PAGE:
Frank Capra's Mr. Smith Goes to Washington with James Stewart, Jean Arthur, and Claude Rains
is about one man's effect on American politics. Directed by Frank Capra – his last film for Columbia Pictures, Mr. Smith Goes to Washington was controversial when it was released, but also successful at the box office, and made Stewart a major movie star.
When it was first released – the film premiered in Constitution Hall in Washington, D.C., on October 17, 1939, sponsored by the National Press Club, an event to which 4000 guests were invited, including 45 senators – Mr. Smith Goes to Washington was attacked by the Washington press, and politicians in the U.S. Congress, as anti-American and pro-Communist for its portrayal of corruption in the American government.
While Capra claims in his autobiography that some senators walked out
of the premiere, contemporary press accounts are unclear about whether
this occurred or not, or whether senators yelled back at the screen
during the film.
It is known that Alben W. Barkley, the Senate Majority Leader, called the film "silly and stupid," and said it "makes the Senate look like a bunch of crooks."
He also remarked that the film was "a grotesque distortion" of the
Senate, "as grotesque as anything ever seen! Imagine the Vice President
of the United States winking at a pretty girl in the gallery in order
to encourage a filibuster!" Barkley thought the film "…showed the
Senate as the biggest aggregation of nincompoops on record!"
Pete Harrison, a respected journalist, suggested that the Senate
pass a bill allowing theatre owners to refuse to show films that "were
not in the best interest of our country."
That did not happen, but one of the ways that some senators attempted
to retaliate for the damage they felt the film had done to the
reputation of their institution was by pushing the passage of the Neely
Anti-Block Booking Bill, which eventually led to the breakup of the
studio-owned theater chains in the late 1940s. Columbia responded by
distributing a program which put forward the film's patriotism and
support of democracy, and publicized the film's many positive reviews.
Other objections were voiced as well. Joseph P. Kennedy, the American Ambassador to Great Britain, wrote to Capra and Columbia head Harry Cohn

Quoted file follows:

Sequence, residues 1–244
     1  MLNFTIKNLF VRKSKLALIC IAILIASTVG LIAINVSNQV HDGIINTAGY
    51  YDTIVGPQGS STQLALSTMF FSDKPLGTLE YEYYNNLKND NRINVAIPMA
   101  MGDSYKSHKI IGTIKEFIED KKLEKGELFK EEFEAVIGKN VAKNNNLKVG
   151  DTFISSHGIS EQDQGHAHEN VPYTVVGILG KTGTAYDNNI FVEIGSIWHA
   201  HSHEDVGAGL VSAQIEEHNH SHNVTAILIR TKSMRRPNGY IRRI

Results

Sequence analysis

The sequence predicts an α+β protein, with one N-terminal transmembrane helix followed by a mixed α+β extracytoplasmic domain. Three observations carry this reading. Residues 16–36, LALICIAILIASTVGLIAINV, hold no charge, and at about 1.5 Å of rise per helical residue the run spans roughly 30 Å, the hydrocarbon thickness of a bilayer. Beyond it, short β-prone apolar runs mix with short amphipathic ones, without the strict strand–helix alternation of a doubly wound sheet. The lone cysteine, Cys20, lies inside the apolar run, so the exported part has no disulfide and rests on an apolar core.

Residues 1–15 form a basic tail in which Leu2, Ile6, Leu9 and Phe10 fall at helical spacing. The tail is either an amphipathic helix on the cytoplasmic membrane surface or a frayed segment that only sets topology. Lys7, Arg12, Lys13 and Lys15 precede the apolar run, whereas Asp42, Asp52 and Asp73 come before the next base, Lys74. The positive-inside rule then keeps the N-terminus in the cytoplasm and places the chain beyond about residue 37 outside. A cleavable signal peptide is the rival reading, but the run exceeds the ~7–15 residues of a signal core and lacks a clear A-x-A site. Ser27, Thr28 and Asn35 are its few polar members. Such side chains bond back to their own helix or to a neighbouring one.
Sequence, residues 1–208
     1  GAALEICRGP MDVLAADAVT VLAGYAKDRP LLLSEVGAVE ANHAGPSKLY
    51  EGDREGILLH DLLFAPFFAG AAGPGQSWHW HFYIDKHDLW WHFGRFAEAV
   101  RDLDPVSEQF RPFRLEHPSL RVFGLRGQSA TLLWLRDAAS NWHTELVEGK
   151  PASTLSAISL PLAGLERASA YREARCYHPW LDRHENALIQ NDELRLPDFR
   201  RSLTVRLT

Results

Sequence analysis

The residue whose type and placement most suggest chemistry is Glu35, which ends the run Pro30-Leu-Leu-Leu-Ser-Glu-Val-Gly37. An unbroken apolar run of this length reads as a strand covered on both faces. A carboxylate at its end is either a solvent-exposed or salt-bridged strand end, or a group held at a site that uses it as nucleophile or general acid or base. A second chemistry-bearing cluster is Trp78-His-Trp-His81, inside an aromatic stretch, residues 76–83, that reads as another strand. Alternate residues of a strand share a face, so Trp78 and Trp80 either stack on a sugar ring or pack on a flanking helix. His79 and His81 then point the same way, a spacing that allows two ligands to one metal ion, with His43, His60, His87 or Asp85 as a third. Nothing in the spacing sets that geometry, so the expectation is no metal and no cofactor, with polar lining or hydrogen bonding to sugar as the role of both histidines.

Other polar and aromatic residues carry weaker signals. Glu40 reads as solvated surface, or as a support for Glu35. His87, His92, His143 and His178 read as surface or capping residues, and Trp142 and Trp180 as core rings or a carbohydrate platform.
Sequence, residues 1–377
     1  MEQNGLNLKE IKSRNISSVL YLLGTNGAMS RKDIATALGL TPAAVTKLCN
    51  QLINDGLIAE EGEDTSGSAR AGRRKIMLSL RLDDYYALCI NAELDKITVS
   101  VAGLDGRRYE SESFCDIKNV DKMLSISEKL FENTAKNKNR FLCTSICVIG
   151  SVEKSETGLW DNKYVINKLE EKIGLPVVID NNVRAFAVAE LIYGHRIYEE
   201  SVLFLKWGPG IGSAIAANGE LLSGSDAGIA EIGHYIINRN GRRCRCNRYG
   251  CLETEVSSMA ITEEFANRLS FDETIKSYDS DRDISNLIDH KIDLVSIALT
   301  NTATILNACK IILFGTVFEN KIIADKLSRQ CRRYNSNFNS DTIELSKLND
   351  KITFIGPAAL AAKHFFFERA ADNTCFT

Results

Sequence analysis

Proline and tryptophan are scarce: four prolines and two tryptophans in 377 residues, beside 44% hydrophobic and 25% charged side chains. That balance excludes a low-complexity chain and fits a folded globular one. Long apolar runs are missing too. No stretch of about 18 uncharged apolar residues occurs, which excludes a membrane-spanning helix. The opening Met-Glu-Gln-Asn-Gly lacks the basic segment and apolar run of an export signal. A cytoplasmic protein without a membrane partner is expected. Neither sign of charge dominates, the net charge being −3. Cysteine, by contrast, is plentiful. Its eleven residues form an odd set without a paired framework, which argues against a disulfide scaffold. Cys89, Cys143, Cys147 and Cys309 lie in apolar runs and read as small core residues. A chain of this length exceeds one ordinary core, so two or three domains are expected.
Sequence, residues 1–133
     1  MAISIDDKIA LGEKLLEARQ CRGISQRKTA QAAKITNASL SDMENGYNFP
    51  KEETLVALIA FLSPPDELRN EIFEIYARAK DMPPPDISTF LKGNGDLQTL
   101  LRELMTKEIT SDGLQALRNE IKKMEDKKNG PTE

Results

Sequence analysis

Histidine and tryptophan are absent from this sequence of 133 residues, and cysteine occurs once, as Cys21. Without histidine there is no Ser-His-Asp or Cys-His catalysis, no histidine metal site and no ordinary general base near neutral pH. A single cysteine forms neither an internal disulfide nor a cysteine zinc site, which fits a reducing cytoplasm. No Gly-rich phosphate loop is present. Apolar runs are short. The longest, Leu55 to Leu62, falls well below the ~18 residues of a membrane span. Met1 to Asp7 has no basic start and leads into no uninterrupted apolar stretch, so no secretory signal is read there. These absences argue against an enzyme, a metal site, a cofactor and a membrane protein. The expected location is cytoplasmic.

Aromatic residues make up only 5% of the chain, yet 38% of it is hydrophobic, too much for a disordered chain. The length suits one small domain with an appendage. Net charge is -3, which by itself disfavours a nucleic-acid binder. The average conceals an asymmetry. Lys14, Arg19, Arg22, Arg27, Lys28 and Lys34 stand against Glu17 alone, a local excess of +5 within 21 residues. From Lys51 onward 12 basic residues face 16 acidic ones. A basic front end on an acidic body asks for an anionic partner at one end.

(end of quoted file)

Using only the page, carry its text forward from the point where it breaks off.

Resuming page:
to say that he feared the film would damage "America's prestige in
Europe", and because of this urged that it be withdrawn from European
release. Capra and Cohn responded citing the film's review, which
mollified Kennedy to the extent that he never followed up, although he
privately still had doubts about the film.
The film was banned in Nazi Germany, Fascist Italy, Soviet Russia and Falangist Spain. According to Capra, the film was also dubbed in certain European countries to alter the message of the film so it conformed with official ideology.
When a ban on American films was imposed in German-occupied France in 1942, some theaters chose to show Mr. Smith Goes to Washington as the last movie before the ban went into effect. One theater owner in Paris reportedly screened the film nonstop for 30 days after the ban was announced.
The critical response to the film was more measured that the reaction by politicians, domestic and foreign. The critic for the New York Times, for instance, Frank S. Nugent, wrote that
[Capra] is operating, of course, under the protection of that
unwritten clause in the Bill of Rights entitling every voting citizen
to at least one free swing at the Senate. Mr. Capra's swing is from the
floor and in the best of humor; if it fails to rock the august body to
its heels – from laughter as much as from injured dignity – it won't be
his fault but the Senate's, and we should really begin to worry about
the upper house.
Mr. Smith Goes to Washington has been called one of the quintessential whistleblower films in American history. Dr. James Murtagh and Dr. Jeffrey Wigand cited this film as a seminal event in U.S. history at the first "Whistleblower Week in Washington" (May 13-19, 2007).
The film has often been listed as among Capra's best, but it has been noted that it
marked a turning point in Capra's vision of the world, from nervous optimism to a darker, more pessimistic tone. Beginning with American Madness in 1932, such Capra films as Lady for a Day, It Happened One Night, Mr. Deeds Goes to Town, and You Can't Take It With You had trumpeted their belief in the decency of the common man. In Mr. Smith Goes to Washington,
however, the decent common man is surrounded by the most venal, petty,
and thuggish group of yahoos ever to pass as decent society in a Capra
movie. Everyone in the film — except for Jefferson Smith and his tiny
cadre of believers — is either in the pay of the political machine run
by Edward Arnold's James Taylor or complicit in Taylor's corruption
through their silence, and they all sit by as innocent people,
including children, are brutalized and intimidated, rights are
violated, and the government is brought to a halt.
Senate President are both emblematic of the director's belief in the
difference that one individual can make. This theme would be expanded
further in Capra's It's a Wonderful Life and other films.
Pic: Senator Jefferson Smith addresses inattentive Senators.
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